Ex-F1 driver Jolyon Palmer says every strategist wants Lewis Hamilton in their car because anything they create he pulls off.
Max Verstappen got his elbows out at the start of the Spanish Grand Prix to take the lead from title rival Hamilton, but he was unable to shake him off.
Ultimately Hamilton stayed out later than Verstappen on his first stint, creating a tyre life advantage to use later in the race, but Mercedes chose to take that further by pitting Hamilton again as he re-approached Verstappen’s gearbox, fitting the new set of mediums which Hamilton had in reserve.
That meant Verstappen was pretty much a sitting duck once Hamilton closed back in and made the move for the lead, with the seven-time World Champion claiming a comfortable victory from there.
And Palmer could not criticise Red Bull’s strategy calls, believing that instead Hamilton can just pull anything off that he is given behind the wheel of the Mercedes W12.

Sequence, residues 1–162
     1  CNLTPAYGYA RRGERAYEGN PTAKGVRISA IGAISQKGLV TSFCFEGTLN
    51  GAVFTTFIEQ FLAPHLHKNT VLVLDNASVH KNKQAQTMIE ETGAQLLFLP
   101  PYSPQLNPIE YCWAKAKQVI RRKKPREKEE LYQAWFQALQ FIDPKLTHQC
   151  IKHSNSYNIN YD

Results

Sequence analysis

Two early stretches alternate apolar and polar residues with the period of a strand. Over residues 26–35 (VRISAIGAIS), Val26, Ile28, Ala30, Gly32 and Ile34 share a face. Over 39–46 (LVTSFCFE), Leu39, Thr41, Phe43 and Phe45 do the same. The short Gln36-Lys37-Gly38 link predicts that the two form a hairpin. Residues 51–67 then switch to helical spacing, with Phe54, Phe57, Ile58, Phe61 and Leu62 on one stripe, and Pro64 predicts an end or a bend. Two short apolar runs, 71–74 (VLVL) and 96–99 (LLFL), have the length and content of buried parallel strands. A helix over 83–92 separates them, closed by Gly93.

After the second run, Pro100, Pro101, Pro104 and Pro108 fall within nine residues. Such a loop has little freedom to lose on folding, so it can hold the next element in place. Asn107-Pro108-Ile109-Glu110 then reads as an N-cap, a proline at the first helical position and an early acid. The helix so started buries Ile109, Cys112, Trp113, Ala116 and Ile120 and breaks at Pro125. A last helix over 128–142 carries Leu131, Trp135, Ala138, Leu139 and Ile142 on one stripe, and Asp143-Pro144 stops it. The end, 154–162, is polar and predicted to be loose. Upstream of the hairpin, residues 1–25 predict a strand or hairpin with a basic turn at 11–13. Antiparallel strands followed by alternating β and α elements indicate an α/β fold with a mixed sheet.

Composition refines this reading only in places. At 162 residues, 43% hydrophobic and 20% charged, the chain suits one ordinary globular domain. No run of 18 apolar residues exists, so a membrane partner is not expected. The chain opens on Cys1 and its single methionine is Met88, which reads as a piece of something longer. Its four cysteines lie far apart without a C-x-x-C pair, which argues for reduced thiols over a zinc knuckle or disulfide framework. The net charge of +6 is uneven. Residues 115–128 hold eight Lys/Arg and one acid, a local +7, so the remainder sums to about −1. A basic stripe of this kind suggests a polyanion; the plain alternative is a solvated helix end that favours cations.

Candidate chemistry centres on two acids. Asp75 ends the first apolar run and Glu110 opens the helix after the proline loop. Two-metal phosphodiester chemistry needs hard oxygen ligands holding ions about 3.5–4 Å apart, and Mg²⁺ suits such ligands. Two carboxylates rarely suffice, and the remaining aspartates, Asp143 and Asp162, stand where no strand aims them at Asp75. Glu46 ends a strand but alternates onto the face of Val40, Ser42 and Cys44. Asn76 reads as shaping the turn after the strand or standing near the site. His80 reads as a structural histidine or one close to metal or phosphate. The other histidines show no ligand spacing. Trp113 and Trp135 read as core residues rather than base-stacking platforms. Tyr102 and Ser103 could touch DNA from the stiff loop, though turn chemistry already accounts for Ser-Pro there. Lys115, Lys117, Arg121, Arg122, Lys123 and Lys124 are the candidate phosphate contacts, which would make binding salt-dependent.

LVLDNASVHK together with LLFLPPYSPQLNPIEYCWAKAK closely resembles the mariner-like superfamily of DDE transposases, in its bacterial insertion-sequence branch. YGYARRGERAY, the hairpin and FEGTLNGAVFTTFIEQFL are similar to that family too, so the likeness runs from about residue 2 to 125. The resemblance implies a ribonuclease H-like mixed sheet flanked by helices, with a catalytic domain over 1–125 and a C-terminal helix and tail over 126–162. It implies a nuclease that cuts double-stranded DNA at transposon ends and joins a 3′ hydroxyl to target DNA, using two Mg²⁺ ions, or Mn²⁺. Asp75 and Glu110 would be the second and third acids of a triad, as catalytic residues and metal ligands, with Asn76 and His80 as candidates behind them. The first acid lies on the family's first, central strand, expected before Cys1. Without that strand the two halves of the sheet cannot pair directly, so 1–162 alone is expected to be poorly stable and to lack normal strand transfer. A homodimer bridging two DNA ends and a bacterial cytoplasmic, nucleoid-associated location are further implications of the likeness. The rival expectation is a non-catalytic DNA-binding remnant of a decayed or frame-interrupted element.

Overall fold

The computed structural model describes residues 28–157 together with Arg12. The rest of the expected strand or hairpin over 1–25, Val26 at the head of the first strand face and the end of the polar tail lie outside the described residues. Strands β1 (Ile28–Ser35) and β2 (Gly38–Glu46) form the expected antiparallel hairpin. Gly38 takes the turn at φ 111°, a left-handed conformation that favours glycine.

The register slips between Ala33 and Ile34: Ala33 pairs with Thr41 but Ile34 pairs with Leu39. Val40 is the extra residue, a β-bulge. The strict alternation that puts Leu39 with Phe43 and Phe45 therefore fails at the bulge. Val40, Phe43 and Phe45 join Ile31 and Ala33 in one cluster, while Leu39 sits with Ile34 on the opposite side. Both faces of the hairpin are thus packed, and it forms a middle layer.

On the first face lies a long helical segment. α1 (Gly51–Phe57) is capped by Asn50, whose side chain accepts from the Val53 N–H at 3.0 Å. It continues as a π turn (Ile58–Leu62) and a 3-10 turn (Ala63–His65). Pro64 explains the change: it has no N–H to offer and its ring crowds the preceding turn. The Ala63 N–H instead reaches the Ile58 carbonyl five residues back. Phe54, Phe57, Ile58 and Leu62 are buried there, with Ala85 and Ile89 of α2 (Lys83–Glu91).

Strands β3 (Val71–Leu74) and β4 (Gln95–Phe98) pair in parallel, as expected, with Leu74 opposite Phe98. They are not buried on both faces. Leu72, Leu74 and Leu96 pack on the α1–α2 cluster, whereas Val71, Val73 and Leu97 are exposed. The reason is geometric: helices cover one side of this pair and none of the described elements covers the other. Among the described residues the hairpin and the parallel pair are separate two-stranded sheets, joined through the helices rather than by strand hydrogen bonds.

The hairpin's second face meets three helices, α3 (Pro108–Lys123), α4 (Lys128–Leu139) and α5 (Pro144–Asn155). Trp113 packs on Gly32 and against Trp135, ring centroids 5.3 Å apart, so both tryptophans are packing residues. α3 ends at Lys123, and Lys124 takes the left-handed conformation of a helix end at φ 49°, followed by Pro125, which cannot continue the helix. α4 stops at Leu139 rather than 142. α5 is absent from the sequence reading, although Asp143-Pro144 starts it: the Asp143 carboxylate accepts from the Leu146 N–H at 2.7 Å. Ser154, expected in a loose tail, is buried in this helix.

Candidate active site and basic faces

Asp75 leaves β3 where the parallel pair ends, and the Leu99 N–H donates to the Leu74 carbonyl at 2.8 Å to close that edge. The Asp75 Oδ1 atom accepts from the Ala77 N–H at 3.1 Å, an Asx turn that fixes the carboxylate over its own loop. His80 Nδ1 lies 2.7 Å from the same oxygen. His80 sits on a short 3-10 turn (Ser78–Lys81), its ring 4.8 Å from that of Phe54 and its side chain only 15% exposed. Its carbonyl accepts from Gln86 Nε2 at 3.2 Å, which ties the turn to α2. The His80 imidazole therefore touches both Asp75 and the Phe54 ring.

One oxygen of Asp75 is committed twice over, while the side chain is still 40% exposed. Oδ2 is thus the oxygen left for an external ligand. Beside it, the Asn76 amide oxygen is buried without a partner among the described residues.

“Verstappen had a set of soft tyres left, so that could have maybe made it to the end of the race, but the strategy is an interesting one because I think if you’re a strategist, you want Hamilton at the wheel of your car,” said Palmer on the Chequered Flag podcast.
“It’s a no-brainer, he’s a seven-time world champ, but whatever they give him, pretty much he’s there.
“So often it seems that whenever there is a split between Hamilton and Bottas, it’s Hamilton who always gets the better strategy, but you put Hamilton on Bottas’ strategy he’d still be ahead.
“The race it wasn’t a Hamilton vs Bottas comparison, it was a Hamilton vs Verstappen comparison, and it’s difficult to fault what Red Bull did.
“They were defending hard, they pitted I think at the perfect moments, they had one slow pit stop which I think maybe could have cost them the race much earlier than the race was done, but they basically covered everything they could, they just didn’t have the pace.
“Mercedes went long, the obvious strategy for Mercedes in the first place, and he [Hamilton] had a four-lap tyre advantage which didn’t seem like a huge amount to go to the end of the race.
“But we know the Mercedes are a little bit kinder on the tyres than Red Bull. It was the double stop, the second pit stop so early that made it a huge tyre advantage for Hamilton.
“No chance Red Bull could cover them off, because they would be undercut immediately, and it made it a little bit of a foregone conclusion.
“It was genius from the pit wall definitely, a really strong race for Mercedes, it’s a strong race from Red Bull but just Mercedes had the stronger package with Hamilton at the wheel and they had the faster car.”